Aramoana is a passionate smokefree advocate. She recently shared her life journey in becoming smokefree to members of parliament at the Beehive last month. Her mantra is RESEARCH your info, to INFORM yourself, to EDUCATE others, and ADVOCATE truthfully. This perspective is one she shares on the internet on her Youtube show, ‘The Ohm Kiwis’, which has helped to support whānau make informed choices on vaping to quit tobacco. 
E ngā mana, e ngā reo,
E ngā karanga maha e huihui nei,  tēnā tātou katoa.
Ko Taranaki, ko Parapara, ko Maungatapu oku maunga. 
Ko Taranaki, ko Te Atiawa, Ko Ngāti Tama me Ngāi Pākehā oku iwi. 
Ko Aramoana du Feu tōku ingoa. 
Tihei mauri ora

Aramoana, you spoke last month at the Vaping Forum at the Beehive in which many other passionate smokefree advocates attended. Could you share your kōrero around your upbringing and why you’re an advocate?
Since the day I was born, I have suffered severe respiratory issues, being in and out of hospital with chronic asthma and a weak immune system, it was just the beginning of my physical struggles in life. A simple cold or flu would end up as weeks of bronchitis, or winter long pneumonia.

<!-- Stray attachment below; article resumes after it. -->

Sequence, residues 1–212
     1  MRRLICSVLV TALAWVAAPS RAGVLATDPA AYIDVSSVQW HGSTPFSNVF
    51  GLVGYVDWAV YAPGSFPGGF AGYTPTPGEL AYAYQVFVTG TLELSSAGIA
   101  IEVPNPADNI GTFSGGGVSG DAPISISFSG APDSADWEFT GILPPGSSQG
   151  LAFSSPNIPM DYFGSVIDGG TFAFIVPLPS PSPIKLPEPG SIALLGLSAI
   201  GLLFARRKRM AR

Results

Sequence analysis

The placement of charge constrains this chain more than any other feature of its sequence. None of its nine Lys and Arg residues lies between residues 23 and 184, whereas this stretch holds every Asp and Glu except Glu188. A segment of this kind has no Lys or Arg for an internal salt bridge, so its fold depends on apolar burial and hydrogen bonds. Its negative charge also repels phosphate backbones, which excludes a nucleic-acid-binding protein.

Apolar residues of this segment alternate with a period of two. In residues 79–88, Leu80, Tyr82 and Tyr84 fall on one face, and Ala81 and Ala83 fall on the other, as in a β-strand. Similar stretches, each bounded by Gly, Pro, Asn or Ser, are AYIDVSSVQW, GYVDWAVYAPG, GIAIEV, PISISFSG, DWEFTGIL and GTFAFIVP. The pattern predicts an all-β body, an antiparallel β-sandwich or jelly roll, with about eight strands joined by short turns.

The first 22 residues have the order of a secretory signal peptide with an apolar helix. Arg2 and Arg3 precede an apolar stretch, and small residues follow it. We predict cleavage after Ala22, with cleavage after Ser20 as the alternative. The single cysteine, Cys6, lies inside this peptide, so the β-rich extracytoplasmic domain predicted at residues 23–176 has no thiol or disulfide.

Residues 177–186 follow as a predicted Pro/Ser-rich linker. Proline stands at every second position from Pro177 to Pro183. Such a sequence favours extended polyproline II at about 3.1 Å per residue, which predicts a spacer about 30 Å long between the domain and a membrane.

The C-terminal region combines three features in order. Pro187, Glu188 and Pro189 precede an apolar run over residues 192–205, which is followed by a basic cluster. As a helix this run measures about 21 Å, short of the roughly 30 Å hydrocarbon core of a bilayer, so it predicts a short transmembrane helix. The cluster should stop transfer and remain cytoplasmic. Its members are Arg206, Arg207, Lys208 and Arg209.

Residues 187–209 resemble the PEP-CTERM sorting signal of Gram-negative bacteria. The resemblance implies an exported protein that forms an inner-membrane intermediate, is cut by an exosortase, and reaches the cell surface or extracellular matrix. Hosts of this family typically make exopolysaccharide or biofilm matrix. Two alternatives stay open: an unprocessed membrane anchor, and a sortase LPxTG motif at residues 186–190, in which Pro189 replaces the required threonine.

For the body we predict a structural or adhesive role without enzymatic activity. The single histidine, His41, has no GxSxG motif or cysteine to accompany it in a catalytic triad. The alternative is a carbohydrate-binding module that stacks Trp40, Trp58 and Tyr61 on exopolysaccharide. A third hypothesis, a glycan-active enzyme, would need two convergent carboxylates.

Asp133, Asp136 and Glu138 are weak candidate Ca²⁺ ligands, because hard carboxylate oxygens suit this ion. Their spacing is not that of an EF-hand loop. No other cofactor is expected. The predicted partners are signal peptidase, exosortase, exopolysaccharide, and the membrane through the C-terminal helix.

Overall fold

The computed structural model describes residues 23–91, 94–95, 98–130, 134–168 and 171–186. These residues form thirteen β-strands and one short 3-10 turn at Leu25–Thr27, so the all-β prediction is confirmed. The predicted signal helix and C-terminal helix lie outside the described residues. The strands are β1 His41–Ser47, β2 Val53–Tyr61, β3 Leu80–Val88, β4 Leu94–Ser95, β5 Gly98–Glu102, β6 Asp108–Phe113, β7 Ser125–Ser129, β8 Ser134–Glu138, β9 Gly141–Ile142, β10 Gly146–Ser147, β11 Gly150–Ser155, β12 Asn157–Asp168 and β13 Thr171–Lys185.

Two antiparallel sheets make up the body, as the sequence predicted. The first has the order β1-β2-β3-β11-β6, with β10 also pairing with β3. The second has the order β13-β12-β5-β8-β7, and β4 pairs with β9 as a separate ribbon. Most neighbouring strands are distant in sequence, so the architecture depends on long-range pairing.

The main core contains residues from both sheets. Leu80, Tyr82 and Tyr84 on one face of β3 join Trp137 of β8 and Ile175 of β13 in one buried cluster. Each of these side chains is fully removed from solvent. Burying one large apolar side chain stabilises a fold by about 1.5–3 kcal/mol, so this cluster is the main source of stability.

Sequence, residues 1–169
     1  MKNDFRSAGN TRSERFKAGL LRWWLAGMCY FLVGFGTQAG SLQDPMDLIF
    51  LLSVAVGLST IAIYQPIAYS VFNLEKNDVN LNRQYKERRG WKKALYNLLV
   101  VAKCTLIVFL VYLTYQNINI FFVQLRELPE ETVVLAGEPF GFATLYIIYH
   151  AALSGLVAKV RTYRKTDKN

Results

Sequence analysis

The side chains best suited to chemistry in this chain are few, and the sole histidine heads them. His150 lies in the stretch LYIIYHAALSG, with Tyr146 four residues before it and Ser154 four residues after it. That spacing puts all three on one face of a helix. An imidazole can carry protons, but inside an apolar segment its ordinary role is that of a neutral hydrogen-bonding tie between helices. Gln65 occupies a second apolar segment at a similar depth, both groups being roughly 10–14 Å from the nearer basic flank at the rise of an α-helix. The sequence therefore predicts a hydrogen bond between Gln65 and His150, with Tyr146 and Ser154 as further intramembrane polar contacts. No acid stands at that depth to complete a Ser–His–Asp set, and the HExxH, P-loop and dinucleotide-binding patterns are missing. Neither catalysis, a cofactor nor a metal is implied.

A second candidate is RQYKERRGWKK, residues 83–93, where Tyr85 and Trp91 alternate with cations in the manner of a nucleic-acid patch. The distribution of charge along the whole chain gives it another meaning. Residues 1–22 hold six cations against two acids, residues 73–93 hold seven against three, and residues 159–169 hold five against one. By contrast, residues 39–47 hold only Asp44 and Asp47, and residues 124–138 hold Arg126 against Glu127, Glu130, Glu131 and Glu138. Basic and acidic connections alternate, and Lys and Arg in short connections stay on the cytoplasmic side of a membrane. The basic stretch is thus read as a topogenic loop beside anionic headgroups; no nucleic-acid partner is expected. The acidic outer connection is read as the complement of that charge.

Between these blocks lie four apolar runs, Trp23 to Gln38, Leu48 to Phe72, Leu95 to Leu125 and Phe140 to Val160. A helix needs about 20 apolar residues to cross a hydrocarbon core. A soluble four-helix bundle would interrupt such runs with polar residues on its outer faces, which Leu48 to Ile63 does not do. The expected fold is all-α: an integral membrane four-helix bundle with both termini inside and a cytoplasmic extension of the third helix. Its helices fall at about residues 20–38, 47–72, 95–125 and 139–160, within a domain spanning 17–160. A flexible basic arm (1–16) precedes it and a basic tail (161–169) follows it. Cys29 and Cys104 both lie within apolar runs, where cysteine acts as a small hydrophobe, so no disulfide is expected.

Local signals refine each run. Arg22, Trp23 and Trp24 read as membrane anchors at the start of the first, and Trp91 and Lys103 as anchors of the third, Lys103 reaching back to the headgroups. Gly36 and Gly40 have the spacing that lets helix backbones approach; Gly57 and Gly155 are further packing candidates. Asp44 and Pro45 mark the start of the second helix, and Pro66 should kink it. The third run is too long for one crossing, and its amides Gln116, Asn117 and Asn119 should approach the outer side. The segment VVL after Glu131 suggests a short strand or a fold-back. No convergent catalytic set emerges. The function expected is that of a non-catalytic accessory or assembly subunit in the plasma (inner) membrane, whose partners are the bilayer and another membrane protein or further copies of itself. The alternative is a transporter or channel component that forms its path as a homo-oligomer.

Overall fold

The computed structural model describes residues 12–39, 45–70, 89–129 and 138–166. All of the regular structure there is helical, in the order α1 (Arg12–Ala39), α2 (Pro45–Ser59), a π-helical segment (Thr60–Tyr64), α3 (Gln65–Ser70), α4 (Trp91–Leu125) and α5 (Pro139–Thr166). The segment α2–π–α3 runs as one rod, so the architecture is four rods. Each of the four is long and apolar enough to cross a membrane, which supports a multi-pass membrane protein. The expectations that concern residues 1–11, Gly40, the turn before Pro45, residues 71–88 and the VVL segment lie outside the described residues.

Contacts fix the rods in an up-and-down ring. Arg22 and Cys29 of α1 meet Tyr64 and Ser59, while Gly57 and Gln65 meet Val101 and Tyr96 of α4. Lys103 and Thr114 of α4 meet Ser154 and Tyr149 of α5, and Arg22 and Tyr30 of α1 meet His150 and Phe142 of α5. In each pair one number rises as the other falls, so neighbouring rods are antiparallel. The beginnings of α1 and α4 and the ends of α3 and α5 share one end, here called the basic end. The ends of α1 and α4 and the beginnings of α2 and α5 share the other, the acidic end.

I had my first cigarette when I was 10 years old. Like many young ones, I nicked a couple of ciggies from Dad’s pack- my cuzzy would do the same and we smoked them down the back shed on my mate’s farm.  
In my mid through to late teens, during winter I would stop smoking, due to being so terribly ill every year. When spring rolled around, I would pick up my pack of Marlboro tallies again as though I had never stopped. I have always called myself a hypocrite smoker; because of my health issues – I should know better. 
For about 24 years, I have fought smoking’s addictions but not anymore.

Which brings us to vaping. How was it introduced to you and how do you see vaping?
I personally see vaping as an alternative to fight more than one type of addiction. 
I was a complete skeptic when I first saw my friends vaping here in Aotearoa. I was one of the many saying that this would be a passing trend, that would never catch on or help people give up smoking. But I was so wrong. 
A few months after vaping first entered my world, I started going through a very long and stressful period, which was affecting my physical and mental health in several ways. One day I came home, reeking of cigarettes and my flatmate goes… “here just try vaping properly. See if it helps you at all.” 
This is also back when nicotine was not legally available in New Zealand made e-juice and those who chose to vape that did not buy already nic’d liquid from overseas, had to import it ourselves and add it at home. 

What changes did you and your whānau see from using vaping to quit tobacco?
It was obvious to my whānau the health benefits I was experiencing. That first winter in 2014 I was vaping, was the first in 5 years that I did not get pneumonia. That was the real winner right there. Not just that I was feeling and seeing those changes in myself, but that the benefits were visible to my whanau and friends.